Greenblatt is a Professor Emeritus in the UC San Francisco Department of Clinical Pharmacy, where she chaired the UCSF School of Pharmacy Faculty Council. When she first began at UCSF, her primary appointment was in the UCSF School of Medicine. She was full-time faculty at the time of her selection as the FRL recipient in Clinical Science.
The event took place Thursday, Oct. 5, 2017 in Cole Hall on the Parnassus campus. The event was live simulcast and is available for viewing for one year.
Greenblatt presented on her 31-year career at UCSF by focusing on her research on the human immunodeficiency virus (HIV), specifically women at risk of and/or living with HIV. The lecture was entitled, “A Career in HIV Research and the Meaning of Community.”
The FRL series began in 1957 with a basic science award and in the following years grew to include clinical and translational science awards. Clinical science focuses on bedside research, or faculty who study human subjects in person through surveys, case series, or case-control studies. The FRL awards are given to three separate, distinguished faculty members each year. After UCSF faculty submit nominations, the Senate’s COR makes the final decisions.
“It is a tremendous honor to be selected by my colleagues at UCSF,” Greenblatt said. “UCSF is an outstanding research institution and the faculty have a record of excellence, so to be nominated and selected by my colleagues is very meaningful.”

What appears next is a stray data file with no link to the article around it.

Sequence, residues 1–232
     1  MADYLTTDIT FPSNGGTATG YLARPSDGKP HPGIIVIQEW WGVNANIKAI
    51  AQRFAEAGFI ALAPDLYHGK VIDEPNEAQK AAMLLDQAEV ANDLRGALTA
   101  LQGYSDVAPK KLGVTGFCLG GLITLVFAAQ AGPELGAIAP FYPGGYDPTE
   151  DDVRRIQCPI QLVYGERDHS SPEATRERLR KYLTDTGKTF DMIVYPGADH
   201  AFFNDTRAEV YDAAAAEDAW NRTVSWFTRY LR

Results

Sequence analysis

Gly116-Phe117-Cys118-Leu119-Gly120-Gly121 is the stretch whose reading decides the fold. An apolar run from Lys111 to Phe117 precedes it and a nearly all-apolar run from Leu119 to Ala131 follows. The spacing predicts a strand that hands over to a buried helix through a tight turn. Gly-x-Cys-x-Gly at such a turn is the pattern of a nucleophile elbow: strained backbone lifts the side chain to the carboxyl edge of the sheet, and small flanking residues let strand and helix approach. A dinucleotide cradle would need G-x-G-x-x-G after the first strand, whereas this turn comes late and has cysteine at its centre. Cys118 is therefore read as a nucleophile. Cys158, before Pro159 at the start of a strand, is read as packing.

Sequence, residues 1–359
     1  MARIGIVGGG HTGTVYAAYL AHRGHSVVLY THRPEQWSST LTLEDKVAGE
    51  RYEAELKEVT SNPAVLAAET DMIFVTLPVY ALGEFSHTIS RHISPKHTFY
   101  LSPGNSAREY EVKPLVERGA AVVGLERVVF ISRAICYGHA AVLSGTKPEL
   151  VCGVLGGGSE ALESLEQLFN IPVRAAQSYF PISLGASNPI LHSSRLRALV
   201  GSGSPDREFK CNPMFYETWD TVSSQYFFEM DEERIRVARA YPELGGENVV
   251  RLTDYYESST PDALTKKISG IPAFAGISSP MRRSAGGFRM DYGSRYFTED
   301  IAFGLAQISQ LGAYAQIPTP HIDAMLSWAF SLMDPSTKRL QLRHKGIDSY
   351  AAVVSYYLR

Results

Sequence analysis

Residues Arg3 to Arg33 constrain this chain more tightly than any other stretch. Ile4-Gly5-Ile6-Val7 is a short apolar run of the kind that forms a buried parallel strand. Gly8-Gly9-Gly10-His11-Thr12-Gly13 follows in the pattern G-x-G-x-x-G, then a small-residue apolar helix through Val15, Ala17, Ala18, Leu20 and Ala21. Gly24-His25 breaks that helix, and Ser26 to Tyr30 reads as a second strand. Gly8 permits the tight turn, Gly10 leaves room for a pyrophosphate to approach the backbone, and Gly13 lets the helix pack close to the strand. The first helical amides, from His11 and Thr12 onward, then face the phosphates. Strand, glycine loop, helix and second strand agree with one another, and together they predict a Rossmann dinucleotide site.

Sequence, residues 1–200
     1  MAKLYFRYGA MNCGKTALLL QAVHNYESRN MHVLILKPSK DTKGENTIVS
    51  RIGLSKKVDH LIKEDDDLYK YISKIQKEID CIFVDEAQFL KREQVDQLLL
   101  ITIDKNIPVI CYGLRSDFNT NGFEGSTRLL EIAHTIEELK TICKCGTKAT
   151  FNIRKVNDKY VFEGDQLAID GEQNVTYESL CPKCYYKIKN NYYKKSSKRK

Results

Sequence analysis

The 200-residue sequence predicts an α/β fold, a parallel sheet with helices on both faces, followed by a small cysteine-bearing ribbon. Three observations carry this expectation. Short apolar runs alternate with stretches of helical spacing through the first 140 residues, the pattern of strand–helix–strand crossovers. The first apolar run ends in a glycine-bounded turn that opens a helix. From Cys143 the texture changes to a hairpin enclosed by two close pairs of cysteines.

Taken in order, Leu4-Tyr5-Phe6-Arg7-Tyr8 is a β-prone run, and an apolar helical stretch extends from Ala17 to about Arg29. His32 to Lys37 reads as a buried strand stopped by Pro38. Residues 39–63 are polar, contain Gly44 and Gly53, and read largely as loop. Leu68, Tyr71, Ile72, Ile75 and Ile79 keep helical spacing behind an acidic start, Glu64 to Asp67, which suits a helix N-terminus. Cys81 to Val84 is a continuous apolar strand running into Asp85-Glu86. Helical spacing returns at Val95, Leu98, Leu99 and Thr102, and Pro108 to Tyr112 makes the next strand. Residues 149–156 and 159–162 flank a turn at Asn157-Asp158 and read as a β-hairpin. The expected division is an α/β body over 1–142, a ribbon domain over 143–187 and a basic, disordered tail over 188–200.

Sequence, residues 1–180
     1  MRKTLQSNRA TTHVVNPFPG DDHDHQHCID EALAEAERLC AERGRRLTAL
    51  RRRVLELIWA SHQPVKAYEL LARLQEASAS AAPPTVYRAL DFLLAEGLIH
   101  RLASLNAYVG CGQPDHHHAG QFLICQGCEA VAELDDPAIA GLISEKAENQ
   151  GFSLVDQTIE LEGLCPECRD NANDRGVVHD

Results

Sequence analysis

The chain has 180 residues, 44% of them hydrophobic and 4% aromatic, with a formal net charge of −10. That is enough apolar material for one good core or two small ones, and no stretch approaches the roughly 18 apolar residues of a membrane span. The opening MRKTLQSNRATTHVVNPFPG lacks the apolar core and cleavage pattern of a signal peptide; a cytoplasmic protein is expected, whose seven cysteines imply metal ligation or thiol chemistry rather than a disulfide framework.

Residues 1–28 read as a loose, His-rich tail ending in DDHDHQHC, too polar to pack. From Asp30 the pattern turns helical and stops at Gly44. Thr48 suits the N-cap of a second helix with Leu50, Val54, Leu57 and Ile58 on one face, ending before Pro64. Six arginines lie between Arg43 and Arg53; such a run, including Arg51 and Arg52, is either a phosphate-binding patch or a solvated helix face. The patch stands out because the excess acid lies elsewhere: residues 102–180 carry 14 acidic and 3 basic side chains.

Greenblatt’s research has found distinct phenotypes of HIV disease in women that led to improved clinical trials methods and information on experimental treatment outcomes for women and racial minorities. Specifically, Greenblatt’s HIV research studies include: susceptibility to HIV, the effects of ovarian aging and menopause on HIV, and anti-retroviral pharmacology.
Born in Wisconsin, Greenblatt grew up mostly in Maryland. In high school, Greenblatt completed her first bench research project on phospholipids cycads. She attended Case Western Reserve University (CWRU) in Cleveland, receiving a Bachelor of Science in chemistry and psychology and her MD. At CWRU, she completed bench research in radiation biology, field research on anemia in Navajo children in Chinle, Arizona, and field research on schistosomiasis in Kenya. The AIDS epidemic was first identified in 1981, the same year Greenblatt graduated from medical school.
Following CWRU, Greenblatt attended University of Washington for an Infectious Diseases Fellowship, which allowed her to return to Kenya to do bench and field research on genital ulcer disease (GUD) and HIV.
“In Kenya AIDS cases were hard to ignore, even though formally, Kenya had not yet recognized the epidemic,” Greenblatt said. “So working in AIDS, and then HIV, when the virus was identified, seemed like a responsibility.”
Greenblatt came to UCSF as part of the Robert Wood Johnson Clinical Scholars Program in 1986, which funded up to three years of graduate-level, or post residency research. The program places individuals at multiple sites; Greenblatt was assigned to UCSF, one of her top three choices. During that time, Greenblatt did behavioral and field research on teen risk, disability, alternative treatments, and accuracy of medical records.